The John Lothian Daily Update is a podcast turning the daily JLN hits and takes comments, our original content and the stories and quips in the top box of First Read into a daily podcast.
Hits & Takes
Mohamed Bourouissa, a French-Algerian artist, was awarded the Deutsche Börse Photography Foundation Prize 2020 for the exhibition “Free Trade.” Bourouissa (born 1978) was awarded the prestigious prize, worth 30,000 British pounds, on Monday 14 September 2020. The announcement was made during an online presentation by the Photographers’ Gallery in London.
Today, the FT has a special report about Luxembourg as a financial center. “Luxembourg is among the biggest winners from Brexit as businesses shift operations out of UK. The Grand Duchy has built on its strengths in private banking, investing, insurance and corporate lending developed over the past half century.”
The stories from the special report have these headlines:
- Luxembourg among biggest winners from Brexit
- Luxembourg financial watchdog sharpens its teeth
- Luxembourg post-pandemic stimulus ‘should be sustainable’
- Luxembourg tries to shed ‘tax haven’ label
- Luxembourg strengthens status as offshore renminbi centre
- Secure, green and international: why Luxembourg suits expatriates
- Luxembourg’s older investors turn to robo advisers
- Shake-up at Luxembourg’s Qatar-owned Quintet bank
The Long Term Stock Exchange is open for business. It actually opened on September 10, in what I would describe as the softest of launches.
David “DJ” Cooke will be joining West Monroe Partners after graduation as a full time software engineering consultant out of their Seattle office. DJ is one of my Eagle Scouts who went to the World Scout Jamboree in Japan in 2015 with help from the readers of this newsletter.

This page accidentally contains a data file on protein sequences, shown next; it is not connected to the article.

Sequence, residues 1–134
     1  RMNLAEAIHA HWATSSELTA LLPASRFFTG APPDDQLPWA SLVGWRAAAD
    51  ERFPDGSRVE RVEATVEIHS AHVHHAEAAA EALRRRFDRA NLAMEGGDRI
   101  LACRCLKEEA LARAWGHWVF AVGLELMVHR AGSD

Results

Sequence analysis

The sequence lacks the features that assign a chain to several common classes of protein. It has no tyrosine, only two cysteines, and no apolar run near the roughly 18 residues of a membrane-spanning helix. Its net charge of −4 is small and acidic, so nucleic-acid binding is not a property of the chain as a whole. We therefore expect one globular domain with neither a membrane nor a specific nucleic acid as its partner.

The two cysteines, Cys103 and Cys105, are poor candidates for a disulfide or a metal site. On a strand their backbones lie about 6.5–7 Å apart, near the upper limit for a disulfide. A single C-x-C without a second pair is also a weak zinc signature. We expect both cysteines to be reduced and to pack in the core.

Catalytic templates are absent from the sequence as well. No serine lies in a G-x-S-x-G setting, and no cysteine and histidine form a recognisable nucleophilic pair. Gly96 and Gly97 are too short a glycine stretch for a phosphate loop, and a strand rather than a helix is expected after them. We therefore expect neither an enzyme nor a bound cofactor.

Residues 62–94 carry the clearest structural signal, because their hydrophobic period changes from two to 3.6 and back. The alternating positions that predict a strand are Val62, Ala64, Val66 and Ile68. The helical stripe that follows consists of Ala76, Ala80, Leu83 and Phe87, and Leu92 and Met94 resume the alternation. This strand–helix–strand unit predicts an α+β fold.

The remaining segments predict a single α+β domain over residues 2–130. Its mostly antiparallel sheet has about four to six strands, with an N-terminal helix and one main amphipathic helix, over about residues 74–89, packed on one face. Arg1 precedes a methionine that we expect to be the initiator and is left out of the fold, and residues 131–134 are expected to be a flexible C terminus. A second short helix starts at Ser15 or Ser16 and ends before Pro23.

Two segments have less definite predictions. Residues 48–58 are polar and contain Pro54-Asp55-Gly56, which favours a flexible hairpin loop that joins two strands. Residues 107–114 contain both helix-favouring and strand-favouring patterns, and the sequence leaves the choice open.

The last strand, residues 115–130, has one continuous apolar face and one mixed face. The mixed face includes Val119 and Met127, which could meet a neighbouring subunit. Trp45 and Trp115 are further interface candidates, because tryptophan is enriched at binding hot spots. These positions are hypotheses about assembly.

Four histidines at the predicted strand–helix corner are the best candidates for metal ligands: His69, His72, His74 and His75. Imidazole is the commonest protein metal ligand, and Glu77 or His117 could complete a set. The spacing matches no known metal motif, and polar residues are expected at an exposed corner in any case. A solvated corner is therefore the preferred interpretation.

Have a great day and stay safe and treat people the same way you want to be treated: with respect, equality and justice.~JJL
New Retail Interest Spurs Renewed Focus on Investor Education
By Suzanne Cosgrove, John Lothian News
Equity markets are seeing an influx of new retail interest, with up to 25 percent of market activity executed by retail investors on peak days this year, compared with about 10 percent in 2019, said John Zecca, Nasdaq’s executive vice president and chief legal and regulatory officer.
The trend is pushing market professionals and regulators to look at comprehensive ways to educate and protect novice market entrants.
“During this time period, we have seen some challenging questions,” including about complex investments like inverse exchange-traded funds (ETFs) and options leverage accounts, said Lori Schock, head of the SEC’s office of investor education and advocacy. “We’re a disclosure-based system in the U.S.,” she said. “We need people to read and understand it. You need to do your homework.”
Schock was among the half-dozen panelists who examined the retail trend Monday in a Nasdaq-sponsored webinar titled, “The Evolution of Retail Investing and Related Obligations.”
To read the rest of this story, go HERE.
Tracking the Unprecedented Food Crisis Brought on by Covid-19
Contributors: Millie Munshi – Bloomberg
The world is hurtling toward an unprecedented hunger crisis. The pandemic is upending food supply chains, crippling economies and eroding consumer purchasing power. In a worst-case scenario, about a tenth of the world’s population won’t have enough to eat. Some projections show that by the end of the year, more people will die each day from hunger than from Covid-19.